BeatleFest rocks downtown Kent

Alexa Blakley, TV2 reporter

Mariah Alanskas, Reporter

From self-proclaimed Beatle heads to reinvented takes on Beatles music, the Kent community celebrates the all-time favorite British band.

Kent’s BeatleFest started with a bang this past Friday with sixteen artists performing their versions of Beatle songs across fifteen restaurants and bars in the downtown Kent area.

The Kent BeatleFest, presented by Wayside Furniture, completed its eighth festival after having to cancel

Liverpool Lads, a Beatles cover band who describes their performance as “energetic,” plays at Zephyr Pub at the Kent BeatleFest on Friday, Feb. 18. (Sophia Lucente)

last year due to COVID-19. Bob Burford, a co-founder of the Crooked River Arts Fine Arts Council, explained that even though all the artists are performing Beatles songs, there’s something for everyone.

“It’s really been fun,” Burford said. “We’ve had all sorts of bands and artists, taking different approaches to Beatles music.”

The bands don’t have to be exclusively Beatles cover bands, but they do need to incorporate Beatles songs exclusively in their set-list.

“It’s not about the approach to the Beatles, it just has to be the Beatles,”’ Burford said. “We have something for everyone, if you’re into the Beatles.”

Even with the temperature sticking around 20 degrees, places were packed, a seemingly continued trend from past BeatleFests.

“People still do things in February,” said Burford of the fest’s crowds. “The first one, it was nine degrees when the first band came on and the places were packed.”

Some artists reflected on the past weather of the festival like duo Tucker & Davis who played at Belleria.

“One year it was seventy degrees and people were playing outside,” Davis said.

Over the years of Kent BeatleFest, the temperature has had drastic changes.

“One year it wasn’t even ten degrees,” said Tucker.

Tucker & Davis have performed at six other BeatleFests where they played traditional Beatles songs, but added their own twist.

“We arrange the songs to fit our style,” Tucker said. “We have acoustic and electric, with a lot of guitar

The band “Abbey Road” plays their Beatles style songs at Dominick’s at the Kent BeatleFest on Friday, Feb. 18. One bandmate, John, is a Kent State graduate of the class of 79. (Sophia Lucente)

synthesizer stuff.”

Other artists at the fest took less liberties with the Beatles’ past style and stuck more to the classic, tribute style.

“Hard core, to be perfect Beatles, that’s how precise we are,” said John Gilbert of Abbey Road Beatles tribute band who played at Dominick’s Pub.

According to their website, all the guitars, amplifiers and drums used in the band are the models the Beatles used in the sixties and seventies.

“All equipment is vintage, all costumes are vintage,” Gilbert said. “To find it all was a nightmare.”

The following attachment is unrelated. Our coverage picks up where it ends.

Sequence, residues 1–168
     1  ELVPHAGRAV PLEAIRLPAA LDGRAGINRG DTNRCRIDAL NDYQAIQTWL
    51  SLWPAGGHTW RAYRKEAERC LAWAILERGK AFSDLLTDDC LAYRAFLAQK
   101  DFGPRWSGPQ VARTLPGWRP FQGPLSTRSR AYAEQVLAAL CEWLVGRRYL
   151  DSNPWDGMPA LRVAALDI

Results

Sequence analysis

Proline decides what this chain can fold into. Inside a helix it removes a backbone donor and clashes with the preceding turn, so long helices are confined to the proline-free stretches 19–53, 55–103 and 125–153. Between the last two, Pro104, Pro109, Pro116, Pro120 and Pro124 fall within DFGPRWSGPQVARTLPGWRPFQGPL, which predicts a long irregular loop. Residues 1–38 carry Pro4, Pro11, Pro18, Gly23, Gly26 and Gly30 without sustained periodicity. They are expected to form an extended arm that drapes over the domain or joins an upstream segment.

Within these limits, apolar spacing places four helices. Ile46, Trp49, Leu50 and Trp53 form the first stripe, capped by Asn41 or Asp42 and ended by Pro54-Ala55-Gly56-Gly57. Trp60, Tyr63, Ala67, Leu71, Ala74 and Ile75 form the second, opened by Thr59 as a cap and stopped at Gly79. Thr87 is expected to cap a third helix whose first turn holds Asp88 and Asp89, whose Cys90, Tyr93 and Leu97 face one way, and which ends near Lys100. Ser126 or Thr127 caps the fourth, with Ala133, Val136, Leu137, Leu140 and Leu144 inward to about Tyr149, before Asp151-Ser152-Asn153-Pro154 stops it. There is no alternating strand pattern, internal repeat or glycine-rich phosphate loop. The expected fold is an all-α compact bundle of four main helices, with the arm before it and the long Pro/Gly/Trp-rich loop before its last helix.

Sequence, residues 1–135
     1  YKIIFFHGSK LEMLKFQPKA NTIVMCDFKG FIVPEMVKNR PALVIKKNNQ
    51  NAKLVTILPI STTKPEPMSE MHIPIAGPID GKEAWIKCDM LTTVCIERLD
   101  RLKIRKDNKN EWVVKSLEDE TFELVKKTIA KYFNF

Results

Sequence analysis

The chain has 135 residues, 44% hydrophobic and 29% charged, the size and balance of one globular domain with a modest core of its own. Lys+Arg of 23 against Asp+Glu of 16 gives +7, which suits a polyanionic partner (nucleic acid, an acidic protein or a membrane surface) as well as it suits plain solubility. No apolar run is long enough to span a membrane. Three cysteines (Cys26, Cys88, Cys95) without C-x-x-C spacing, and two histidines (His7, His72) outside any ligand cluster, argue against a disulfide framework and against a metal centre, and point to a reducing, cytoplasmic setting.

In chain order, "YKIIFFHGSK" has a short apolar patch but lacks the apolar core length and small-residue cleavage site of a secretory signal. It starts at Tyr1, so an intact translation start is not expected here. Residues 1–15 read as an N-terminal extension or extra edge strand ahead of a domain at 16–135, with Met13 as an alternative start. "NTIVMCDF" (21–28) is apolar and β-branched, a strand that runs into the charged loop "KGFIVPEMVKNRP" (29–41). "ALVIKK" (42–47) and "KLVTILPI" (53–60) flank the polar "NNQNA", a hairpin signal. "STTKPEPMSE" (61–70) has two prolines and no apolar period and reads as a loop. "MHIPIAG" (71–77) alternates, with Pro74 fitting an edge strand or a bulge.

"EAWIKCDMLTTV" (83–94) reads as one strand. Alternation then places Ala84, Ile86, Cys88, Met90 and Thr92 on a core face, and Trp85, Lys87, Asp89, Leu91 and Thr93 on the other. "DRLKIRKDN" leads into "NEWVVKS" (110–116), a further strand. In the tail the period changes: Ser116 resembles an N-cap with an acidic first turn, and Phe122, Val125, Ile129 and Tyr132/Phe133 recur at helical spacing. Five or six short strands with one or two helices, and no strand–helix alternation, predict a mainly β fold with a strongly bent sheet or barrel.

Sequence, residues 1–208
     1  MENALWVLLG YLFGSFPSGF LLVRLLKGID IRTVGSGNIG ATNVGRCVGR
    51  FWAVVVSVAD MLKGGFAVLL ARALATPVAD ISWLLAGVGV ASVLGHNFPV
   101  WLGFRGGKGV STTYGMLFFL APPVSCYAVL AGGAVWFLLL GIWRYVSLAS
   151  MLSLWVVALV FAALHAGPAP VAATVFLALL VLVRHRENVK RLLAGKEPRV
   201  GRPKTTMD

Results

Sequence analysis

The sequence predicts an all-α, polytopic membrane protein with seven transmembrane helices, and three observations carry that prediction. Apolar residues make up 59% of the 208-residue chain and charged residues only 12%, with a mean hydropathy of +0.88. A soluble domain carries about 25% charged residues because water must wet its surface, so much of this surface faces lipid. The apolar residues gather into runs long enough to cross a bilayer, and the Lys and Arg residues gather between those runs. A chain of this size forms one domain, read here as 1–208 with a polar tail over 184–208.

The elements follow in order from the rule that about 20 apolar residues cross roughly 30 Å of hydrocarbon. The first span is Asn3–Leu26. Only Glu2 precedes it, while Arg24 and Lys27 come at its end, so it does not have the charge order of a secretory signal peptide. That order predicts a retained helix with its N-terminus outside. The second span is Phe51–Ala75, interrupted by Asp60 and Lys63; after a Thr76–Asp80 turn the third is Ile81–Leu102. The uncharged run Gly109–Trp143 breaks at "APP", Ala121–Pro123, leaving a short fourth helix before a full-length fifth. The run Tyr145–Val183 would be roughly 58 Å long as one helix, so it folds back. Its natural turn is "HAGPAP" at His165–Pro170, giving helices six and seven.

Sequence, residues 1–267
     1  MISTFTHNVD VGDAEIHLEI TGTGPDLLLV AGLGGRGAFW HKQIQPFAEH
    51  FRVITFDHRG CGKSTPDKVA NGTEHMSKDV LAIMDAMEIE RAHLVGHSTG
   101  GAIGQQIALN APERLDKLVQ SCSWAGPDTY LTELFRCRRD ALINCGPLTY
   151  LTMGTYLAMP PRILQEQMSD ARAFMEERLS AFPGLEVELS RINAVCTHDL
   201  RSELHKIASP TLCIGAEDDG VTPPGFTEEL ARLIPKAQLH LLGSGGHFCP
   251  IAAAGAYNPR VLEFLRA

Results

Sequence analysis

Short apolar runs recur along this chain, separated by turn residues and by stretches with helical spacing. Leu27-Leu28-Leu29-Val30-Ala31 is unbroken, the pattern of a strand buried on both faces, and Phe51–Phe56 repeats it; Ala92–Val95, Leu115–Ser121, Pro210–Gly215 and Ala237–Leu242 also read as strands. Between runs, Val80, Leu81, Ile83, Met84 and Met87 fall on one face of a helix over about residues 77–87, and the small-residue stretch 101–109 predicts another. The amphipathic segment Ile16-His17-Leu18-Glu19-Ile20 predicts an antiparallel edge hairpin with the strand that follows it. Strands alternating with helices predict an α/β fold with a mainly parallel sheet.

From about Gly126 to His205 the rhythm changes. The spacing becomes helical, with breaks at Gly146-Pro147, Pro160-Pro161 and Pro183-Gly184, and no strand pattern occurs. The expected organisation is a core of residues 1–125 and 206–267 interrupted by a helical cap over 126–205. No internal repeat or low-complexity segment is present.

This is Abbey Road’s thirty-ninth year performing, with notable past tours in the United States and two in Europe.

Among some of the veteran artists are also veteran BeatleFest attendees.

Nick and Lisa Tegiacchi, residents of Kent, were among a group sporting “DarylFest” t-shirts. They explained the shirts as part of a running joke. They explained their friend, named Daryl, always visits from his resident state of North Carolina coincidentally during various Kent music festivals.

A group of friends celebrate their own festival, “The Darrell Fest”, when their friend Darrell is visiting from North Carolina at the BeatleFest music festival in downtown Kent on Friday, Feb. 18. They keep this tradition each time Darrell visits, and this year it aligned with the Beatle Fest. (Sophia Lucente)

Nick Tegiacchi, a Kent graduate, expressed his and his wife Lisa’s excitement over the festival.

“It’s very exciting,” Tegiacchi said. “The music is wonderful, the amount of bands is wonderful.”

When asked about having to miss the canceled festival last year, Tegiacchi went on to explain how he feels about this year’s post-COVID festival.

“We’re just happy it’s back,” Tegiacchi said. “We were just here in 2020 and we had a wonderful experience.”

This “wonderful experience” was largely produced by the artists and their passion behind their music.

Gaetanto Letitia of The Beatles Blues Blast who played at Ray’s Place, talked about his experience seeing the Beatles for the first time.

“When I first saw them on the Ed Sullivan Show in 1964, that’s what inspired me to start playing music. I wasn’t the same after that,” Letitia said. “I got my first drum set in 1965.”

Tony Paparella, member of the Wishgarden Band and Trio, who did not perform with his own group, but did “sit in” on a few songs with Dale Galgozy at Last Exit Books and Cafe also expressed his love of the Beatles growing up.

“I love the Beatles,” Paparella said. “I wore out their albums when I was younger.”

Tom, the band leader of Gaetano’s, said they have spent six years of BeatleFests playing at Ray’s Place in downtown Kent. His band is committed to a blues style and says the Beatles are “the most magical rock group of all time.” (Sophia Lucente)

The BeatlesFest isn’t the only downtown Kent festival during the year. Other notable ones include Kent BluesFest, American Roots Fest and the Round Town music festival.

“We schedule these fests to be quarterly,” Burford said. “February is just absolutely a huge month for Beatles anniversaries.”

Burford also discussed the community’s past feelings about the BeatleFest specifically.

“The reaction from main street Kent, the reaction from the city, the reaction from the venue owners, and the artist participants has all been positive,” Burford said. “We find folks have found a way to share their love of Beatles music in different ways. It’s a great opportunity to come together.”

Mariah Alanskas is a reporter. Contact her at [email protected]